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Sheffield wetlands project aims to alleviate flood risk

by Mark Cantrell
A wetlands project in Sheffield aims to alleviate flood risk

Work is underway on a park project in Sheffield that will provide sustainable drainage while also providing a new habitat for wildlife, and a feature for residents to enjoy.

The sustainable urban drainage scheme (SuDS) is designed to ease pressure on the city’s watercourse and sewer network, and thereby reduce the risk of flooding. It will also support the creation of 148 new homes in the Harborough Rise and Manor Park Avenue areas.

The water management system involves the creation of a wetland environment that will provide a haven for a diverse range of plants and animals, and new walking trails for park visitors to explore.

The project is being delivered by Sheffield Housing Company (SHC) – in partnership with the council’s parks and flood management teams – and the Green Estate Community Interest Company, which manages the park on behalf of Sheffield City Council.

Councillor Douglas Johnson, chair of the Sheffield City Council housing policy committee and representative for the Yorkshire Regional Flood & Coastal Committee at Sheffield City Council, said: “The council’s joint venture, Sheffield Housing Company, continues to have a positive impact on the city. As part of the delivery of its wide ranging new housing project portfolio, SHC strives to deliver sustainable solutions which benefit local communities.

“This latest SuDS scheme in Manor Fields Park is one of a growing number that SHC has delivered to date with the aim of encouraging the formation of diverse habitats within the park, reducing flood risk from run-off and helping to offset the environmental impact from the much needed new homes being built in the Manor Park neighbourhood.”

Following a rigorous consultation and tendering process specialist contractor Britcon Ltd was chosen to undertake the works.

Once complete, the SuDS will reduce the flow of water in Kirkbridge Dyke – in Manor Fields Park – when there is increased flow due to heavy rain. A permanent shallow pond, making up part of the new wild habitat, will be created and will normally hold small volumes of water. During a storm, the water level within the basin would temporarily rise, before being slowly released afterwards into the watercourse.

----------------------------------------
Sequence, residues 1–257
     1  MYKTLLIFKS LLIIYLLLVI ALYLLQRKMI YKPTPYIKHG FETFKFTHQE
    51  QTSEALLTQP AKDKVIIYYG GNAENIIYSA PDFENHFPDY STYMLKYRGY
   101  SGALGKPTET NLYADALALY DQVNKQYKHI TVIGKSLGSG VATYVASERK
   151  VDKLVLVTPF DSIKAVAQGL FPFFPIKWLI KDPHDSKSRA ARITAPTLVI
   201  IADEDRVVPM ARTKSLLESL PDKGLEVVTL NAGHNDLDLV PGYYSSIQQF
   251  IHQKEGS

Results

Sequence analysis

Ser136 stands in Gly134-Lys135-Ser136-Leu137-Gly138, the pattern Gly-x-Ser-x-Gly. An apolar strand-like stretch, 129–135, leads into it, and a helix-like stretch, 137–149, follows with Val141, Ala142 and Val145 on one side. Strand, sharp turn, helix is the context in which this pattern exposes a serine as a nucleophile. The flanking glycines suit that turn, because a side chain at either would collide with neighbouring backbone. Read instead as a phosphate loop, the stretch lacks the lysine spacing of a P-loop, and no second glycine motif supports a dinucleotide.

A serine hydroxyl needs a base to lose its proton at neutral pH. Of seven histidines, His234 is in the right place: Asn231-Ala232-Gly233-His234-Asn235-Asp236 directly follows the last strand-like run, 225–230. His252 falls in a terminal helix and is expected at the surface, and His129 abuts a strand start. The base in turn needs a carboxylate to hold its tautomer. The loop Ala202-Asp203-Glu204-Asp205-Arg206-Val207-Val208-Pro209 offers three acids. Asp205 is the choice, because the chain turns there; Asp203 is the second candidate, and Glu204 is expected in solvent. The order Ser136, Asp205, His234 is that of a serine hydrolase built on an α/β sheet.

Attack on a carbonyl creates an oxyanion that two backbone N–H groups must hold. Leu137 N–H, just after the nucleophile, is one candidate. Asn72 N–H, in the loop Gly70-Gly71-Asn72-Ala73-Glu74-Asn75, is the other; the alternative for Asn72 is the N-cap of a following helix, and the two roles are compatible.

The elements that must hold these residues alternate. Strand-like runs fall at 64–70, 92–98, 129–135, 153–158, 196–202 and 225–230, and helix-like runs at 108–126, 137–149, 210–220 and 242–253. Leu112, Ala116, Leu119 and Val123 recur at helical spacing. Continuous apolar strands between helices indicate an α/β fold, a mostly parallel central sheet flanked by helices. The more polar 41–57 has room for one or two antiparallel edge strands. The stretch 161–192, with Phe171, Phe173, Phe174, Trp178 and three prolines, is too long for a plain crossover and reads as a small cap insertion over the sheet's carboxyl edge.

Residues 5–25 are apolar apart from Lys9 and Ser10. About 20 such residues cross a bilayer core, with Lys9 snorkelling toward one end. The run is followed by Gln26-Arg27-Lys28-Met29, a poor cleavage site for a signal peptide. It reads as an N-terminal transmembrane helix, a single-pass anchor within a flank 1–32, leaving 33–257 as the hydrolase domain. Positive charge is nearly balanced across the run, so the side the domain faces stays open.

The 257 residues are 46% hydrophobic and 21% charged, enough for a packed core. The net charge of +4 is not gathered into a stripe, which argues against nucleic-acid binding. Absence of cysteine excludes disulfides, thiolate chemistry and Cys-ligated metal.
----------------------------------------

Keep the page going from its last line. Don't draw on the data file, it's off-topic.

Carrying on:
The new capacity created further downstream could then accommodate more run-off water from houses, roads and pathways, alleviating pressure on drains and sewers.

Creating this upstream water storage capability above the points of discharge from new developments is not typical, the partnership says. This new approach is a result of the watercourse and sewer modelling undertaken during the Three Brooks Flood Project – part of the Sheffield Flood Risk Management Plan.

Environmenal benefits

Howard Young, development manager at SHC said: “This is an exciting project which will have far reaching benefits – both environmentally, for local people, and for park users. There may be a short period of minor disruption, but we have been working hard to communicate with all those who might be affected, and we will strive to keep this to a minimum.

“Britcon Ltd have the right expertise and skills to facilitate the creation of this SuDS scheme and we look forward to seeing it evolve into a community asset that will enhance biodiversity and recreational space in the park, whilst also supporting the delivery of much needed new homes in the area.”

Chief executive at the Green Estate, Roz Davies, added: “Together with our partners, the Green Estate has been investing in our local green spaces by creating innovative and resilient landscapes since 2003. We are pleased to support the work being undertaken to provide further sustainable infrastructure in this award-winning park.”

Dan Leaning, project manager with Britcon Ltd, said: “Britcon Ltd is very excited to be part of this scheme, and look forward to delivering a natural space, where park users can relax and spend precious time with their families, friends and pets – whilst creating new bio-diverse habitats for fauna and flora alike.”

Main image: (Left to right) Lee Noble, operations director at Britcon; Councillor Marieanne Elliot, Sheffield City Council; Steve Birch, project director at Sheffield Housing Company; and Sally Cuckney, head of green spaces at the Green Estate

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